Pioneers in Tech women's athletics speak at forum on Title IX

Pioneers in Tech women's athletics speak at forum on Title IX

Photo: Awesome Eagle (left), TTU Director of Athletics Mark Wilson (in back) and TTU First Lady Kari Oldham (fourth from right) join the nine Tennessee Tech women's athletics pioneers during halftime recognition on the court in Eblen Center Saturday night.

COOKEVILLE, Tenn. -- Nine Pioneers of Tennessee Tech women's athletics returned to their alma mater Saturday to speak to Golden Eagle female student-athletes about Title IX and their time at Tech, and how one piece of legislation changed their lives forever. 

Forty years have gone by since the passing of Title IX and the face of women in sport has changed dramatically. Title IX states that "no person shall, on the basis of sex, be excluded from participation in, be denied the benefits of, or be subjected to discrimination under any eduaction program or activity receiving federal financial assistance."

While many in the United States associate the landmark legislation with athletics, many of Tech's pioneers discussed its importance in academia. Jackie Wolfe, a member of Tennessee Tech's first women's track team spoke of being one of only a handful of women in the Civil Engineering program, and entering the workforce as a woman in a "man's world". Title IX gave her the opportunity not only to attend a top engineering school but to throw in the field events at the collegiate level. 

The panel featured former basketball, volleyball, golf, tennis, track and field, softball and soccer athletes. The nine pioneers included Kim Grizzle Kendrick (Basketball), Mary Helen Rudd (Track), Lauren Robinson Neal (Soccer), Molly Graham (Volleyball), Sonya Bowling-Brown (Softball), Dee Unkenholz (Tennis), Cheryl Williams Crabtree (Golf), Jackie Wolfe (Track & Field), and Terri Hall Bradshaw (Basketball).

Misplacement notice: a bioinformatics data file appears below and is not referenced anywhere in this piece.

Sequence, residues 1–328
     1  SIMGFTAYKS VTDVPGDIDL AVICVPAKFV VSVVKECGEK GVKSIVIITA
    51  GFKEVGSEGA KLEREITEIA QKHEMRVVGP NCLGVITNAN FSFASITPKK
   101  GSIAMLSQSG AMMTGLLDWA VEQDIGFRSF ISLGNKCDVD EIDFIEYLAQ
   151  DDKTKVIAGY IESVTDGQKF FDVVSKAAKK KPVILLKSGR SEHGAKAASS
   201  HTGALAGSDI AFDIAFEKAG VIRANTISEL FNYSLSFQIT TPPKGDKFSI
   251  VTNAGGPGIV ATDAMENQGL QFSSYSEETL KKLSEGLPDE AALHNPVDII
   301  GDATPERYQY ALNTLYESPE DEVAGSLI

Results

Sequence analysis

Each member discussed the advantages afforded to them by Title IX, recalling a time when a young girl would have to hide her hair in a baseball cap in order to compete on a boy's team, but then run off the field immediately for fear of getting not only herself, but her father, the coach, in trouble.

Tennessee Tech, a Title IX revolutionary institution, provided an opportunity to each athlete in the room, former and present. Each pioneer recalled being treated with the utmost respect on campus, not only by her peers, but her professors.

A former basketball standout recalled the familial atmosphere on campus. Playing in Memorial Gym, the football team would be at one end of the gym cheering on the Golden Eaglettes, while the rifle team sat directly behind the opponents bench heckling each player and "making their lives miserable."

Though memories tend to fade, the benefits of Title IX remain. The panel discussed the change in all aspects of the game. They witnessed the transformation from 6-on-6 basketball to the current 5-on-5 game, in addition of the move from slow-pitch to fast-pitch softball.

The women grew up with few idols to choose from and now their grandchildren have hundreds. Tennessee Tech afforded them the opportunity to create not only memories, but the pillars of women's sports.

In 1989 Gayle Burgess-Hastings became the first woman to be inducted into the Tennessee Tech Athletics Hall of Fame. Since then, more than 20 female student-athletes have been inducted. In 40 years, Tech women have won 40 Ohio Valley Conference Championships in seven different sports.

Tennessee Tech has nearly 150 current female student athletes across seven varsity sports.

View the entire Title IX forum, held on Saturday, Jan. 26, 2013: